5- Driving on a Quiet Street
Teaching Your Teen to Drive
Goal: Teach your teen to move and stop a vehicle safely and with confidence on quiet roads.
Location: Start in a large, level, mostly empty area. Move to a quiet neighborhood street when indicated. Out of respect to our neighbors, please do not use official state road test courses for practice.
Before moving out onto the road, make sure that your teen has reviewed the driver’s manual and is familiar with street signs, signals, pavement markings, and yield and speed laws.
Starting in a quiet, large, level, empty area, review the skills learned so far. Have your teen drive several laps around the lot, practicing smooth braking and accelerating, maintaining steady speeds, steering into right and left turns, and using reference points to align the car with curbs (or lines).
Lesson one – commentary driving
Coach your teen to use “commentary driving” (see sidebar on page 2) throughout this lesson, if possible.
Lesson two – lane position
When you and your teen feel ready, move to a quiet street.
With your teen behind the wheel, first have them practice driving straight in three different lane positions. Do this for several miles, practicing each position at least 10 times:
Center position ➊: The most common position, with the vehicle centered within the lane. Coach your teen that they should stay in the center position under most circumstances.
Left position ➋: The vehicle positioned to the left side of the lane. This is best used when approaching parked vehicles and potential hazards on the right (if no oncoming traffic). It should be avoided on a hill or a curve.
Right position ➌: The vehicle positioned to the right side of the lane. This is usually done when making a right turn to allow for a safety margin on the left side of the vehicle.
Lesson three – intersections
Coach your teen on these techniques for safely approaching an intersection:
- Search for vehicles, pedestrians, signs, and traffic signals.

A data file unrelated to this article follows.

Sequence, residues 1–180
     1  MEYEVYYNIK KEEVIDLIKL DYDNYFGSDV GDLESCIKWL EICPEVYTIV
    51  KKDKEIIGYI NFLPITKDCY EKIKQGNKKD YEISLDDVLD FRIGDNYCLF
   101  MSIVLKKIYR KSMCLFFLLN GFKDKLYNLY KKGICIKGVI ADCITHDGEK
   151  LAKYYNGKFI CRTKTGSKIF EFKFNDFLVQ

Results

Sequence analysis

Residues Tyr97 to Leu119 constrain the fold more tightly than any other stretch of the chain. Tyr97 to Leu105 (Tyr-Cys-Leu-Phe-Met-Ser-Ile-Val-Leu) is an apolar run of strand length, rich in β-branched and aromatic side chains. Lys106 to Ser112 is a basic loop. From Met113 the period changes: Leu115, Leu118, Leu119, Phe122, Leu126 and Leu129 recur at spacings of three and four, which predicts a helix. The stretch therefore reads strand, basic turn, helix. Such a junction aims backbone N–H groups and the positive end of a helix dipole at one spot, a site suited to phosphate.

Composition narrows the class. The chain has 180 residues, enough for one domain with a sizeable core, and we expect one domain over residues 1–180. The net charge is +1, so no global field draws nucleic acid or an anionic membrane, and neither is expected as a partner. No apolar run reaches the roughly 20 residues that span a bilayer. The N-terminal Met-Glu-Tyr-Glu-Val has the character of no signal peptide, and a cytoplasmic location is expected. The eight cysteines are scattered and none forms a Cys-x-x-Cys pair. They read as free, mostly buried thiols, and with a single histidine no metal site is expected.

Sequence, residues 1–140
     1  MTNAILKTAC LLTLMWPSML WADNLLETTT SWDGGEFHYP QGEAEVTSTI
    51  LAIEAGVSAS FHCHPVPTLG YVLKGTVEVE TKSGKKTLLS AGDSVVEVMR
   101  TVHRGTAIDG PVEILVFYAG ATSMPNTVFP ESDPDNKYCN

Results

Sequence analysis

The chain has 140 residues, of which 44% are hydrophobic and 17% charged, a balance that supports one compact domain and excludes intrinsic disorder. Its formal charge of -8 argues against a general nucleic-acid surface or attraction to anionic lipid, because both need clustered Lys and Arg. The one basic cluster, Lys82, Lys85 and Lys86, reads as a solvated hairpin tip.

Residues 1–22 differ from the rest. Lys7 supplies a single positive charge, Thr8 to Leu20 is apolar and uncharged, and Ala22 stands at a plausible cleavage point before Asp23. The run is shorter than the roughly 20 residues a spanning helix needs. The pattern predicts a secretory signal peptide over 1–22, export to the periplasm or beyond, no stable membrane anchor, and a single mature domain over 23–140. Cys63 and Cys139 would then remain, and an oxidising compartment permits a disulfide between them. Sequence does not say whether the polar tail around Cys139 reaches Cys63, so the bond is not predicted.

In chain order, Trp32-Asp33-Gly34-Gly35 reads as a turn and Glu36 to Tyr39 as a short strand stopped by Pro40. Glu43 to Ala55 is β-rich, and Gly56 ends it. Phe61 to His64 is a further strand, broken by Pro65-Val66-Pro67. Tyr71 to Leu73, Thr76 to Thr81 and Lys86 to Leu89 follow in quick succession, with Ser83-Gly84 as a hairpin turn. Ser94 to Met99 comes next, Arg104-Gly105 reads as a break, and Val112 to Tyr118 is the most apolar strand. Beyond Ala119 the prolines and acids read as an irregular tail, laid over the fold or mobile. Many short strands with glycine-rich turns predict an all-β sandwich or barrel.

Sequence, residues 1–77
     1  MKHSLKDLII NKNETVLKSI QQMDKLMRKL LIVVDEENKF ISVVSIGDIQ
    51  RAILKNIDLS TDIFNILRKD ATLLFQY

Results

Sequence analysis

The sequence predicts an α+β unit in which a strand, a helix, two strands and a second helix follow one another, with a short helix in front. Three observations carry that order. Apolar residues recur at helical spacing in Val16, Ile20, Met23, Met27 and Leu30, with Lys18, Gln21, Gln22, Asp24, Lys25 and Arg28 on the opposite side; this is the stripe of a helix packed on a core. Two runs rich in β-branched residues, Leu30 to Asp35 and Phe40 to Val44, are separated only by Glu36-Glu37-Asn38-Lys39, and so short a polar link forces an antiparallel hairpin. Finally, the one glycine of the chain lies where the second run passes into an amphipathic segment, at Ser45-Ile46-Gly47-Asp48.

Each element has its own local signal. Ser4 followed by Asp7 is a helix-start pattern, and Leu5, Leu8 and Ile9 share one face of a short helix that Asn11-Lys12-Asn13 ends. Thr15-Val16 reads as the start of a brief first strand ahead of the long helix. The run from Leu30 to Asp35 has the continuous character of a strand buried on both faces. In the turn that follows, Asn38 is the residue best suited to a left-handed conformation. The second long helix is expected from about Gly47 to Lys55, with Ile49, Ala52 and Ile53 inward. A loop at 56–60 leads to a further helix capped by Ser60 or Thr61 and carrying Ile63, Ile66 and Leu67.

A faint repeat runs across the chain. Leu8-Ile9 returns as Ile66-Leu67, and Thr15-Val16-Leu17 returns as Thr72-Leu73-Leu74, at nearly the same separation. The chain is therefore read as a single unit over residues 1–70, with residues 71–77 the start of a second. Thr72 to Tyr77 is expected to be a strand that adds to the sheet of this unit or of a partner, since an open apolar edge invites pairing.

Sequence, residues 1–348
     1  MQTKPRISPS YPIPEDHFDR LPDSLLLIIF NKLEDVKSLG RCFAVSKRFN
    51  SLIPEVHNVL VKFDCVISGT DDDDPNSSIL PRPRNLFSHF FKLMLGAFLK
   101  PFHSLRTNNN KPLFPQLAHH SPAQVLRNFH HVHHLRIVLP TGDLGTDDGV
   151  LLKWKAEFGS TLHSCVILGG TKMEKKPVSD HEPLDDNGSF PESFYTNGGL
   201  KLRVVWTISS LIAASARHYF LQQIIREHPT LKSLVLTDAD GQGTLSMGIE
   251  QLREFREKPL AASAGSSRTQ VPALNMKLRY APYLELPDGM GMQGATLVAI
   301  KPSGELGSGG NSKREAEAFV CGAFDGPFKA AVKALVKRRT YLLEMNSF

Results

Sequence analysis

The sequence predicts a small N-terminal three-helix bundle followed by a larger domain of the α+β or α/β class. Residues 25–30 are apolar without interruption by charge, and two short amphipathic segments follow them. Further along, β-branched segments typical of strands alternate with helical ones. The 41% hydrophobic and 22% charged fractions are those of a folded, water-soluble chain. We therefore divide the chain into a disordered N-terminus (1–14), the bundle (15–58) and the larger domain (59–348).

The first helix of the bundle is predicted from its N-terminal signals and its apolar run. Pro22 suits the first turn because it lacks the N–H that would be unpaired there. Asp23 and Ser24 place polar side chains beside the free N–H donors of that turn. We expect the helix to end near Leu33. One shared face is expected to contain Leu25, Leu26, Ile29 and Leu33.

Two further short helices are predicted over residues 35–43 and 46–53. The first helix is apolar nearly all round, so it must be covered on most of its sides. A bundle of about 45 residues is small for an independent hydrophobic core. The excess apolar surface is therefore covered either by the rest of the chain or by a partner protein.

- Check the rearview mirror for any potential hazards behind the car.
- If it’s an intersection with traffic signals, identify who has the green light.
- If turning, put on the turn signal four seconds before making the turn.
- If a stop is required, stop behind the white stop line.
- Select the best lane for the intended direction of travel.
- Yield the right-of-way to pedestrians and other vehicles.
Goal: Teach your teen to turn both right and left safely and with confidence on quiet roads.
Location: A quiet block of single-lane roads, ideally without traffic signals at the intersections.
Lesson one – right turns
When your teen is comfortable with lane positions and intersections, it’s time to practice turns.
Start with right turns. Have your teen drive clockwise around the block 10–12 times:
- Pick a line at the center of the intended travel path while steering through a turn. Make sure
your teen does not fixate on one specific spot, but instead focuses on a broader path.
- Focus on smooth braking into the turn and acceleration out of the turn, as previously practiced
in the large, level, empty area.
- Always check mirrors before turns and signal four seconds before turning.
Lesson two – left turns
When your teen is proficient at right turns, move on to left turns. Have your teen drive counterclockwise around the block 10–12 times, coaching them on these techniques for safe left turns:
- Position the vehicle close to the yellow line in the middle of the road.
- If there is a stop sign or red light, stop with wheels pointed straight ahead before the stop line, crosswalk or intersection.
- Search the intersection in all directions for vehicles, pedestrians, signs, and signals.
- Select a gap in traffic and pull straight forward toward the middle of the intersection.
Coach your teen to avoid hesitating.
- Use the yellow line on the street being turned onto as a target. Turn into the travel lane
closest to the yellow line.
- When the turn is complete, let the steering wheel slide back through the hands.
- Pick a new target 15–20 seconds ahead in the center of the travel path and accelerate gradually.
Be sure to practice with your teen in a variety of conditions, including at night and in
inclement weather, as much as possible.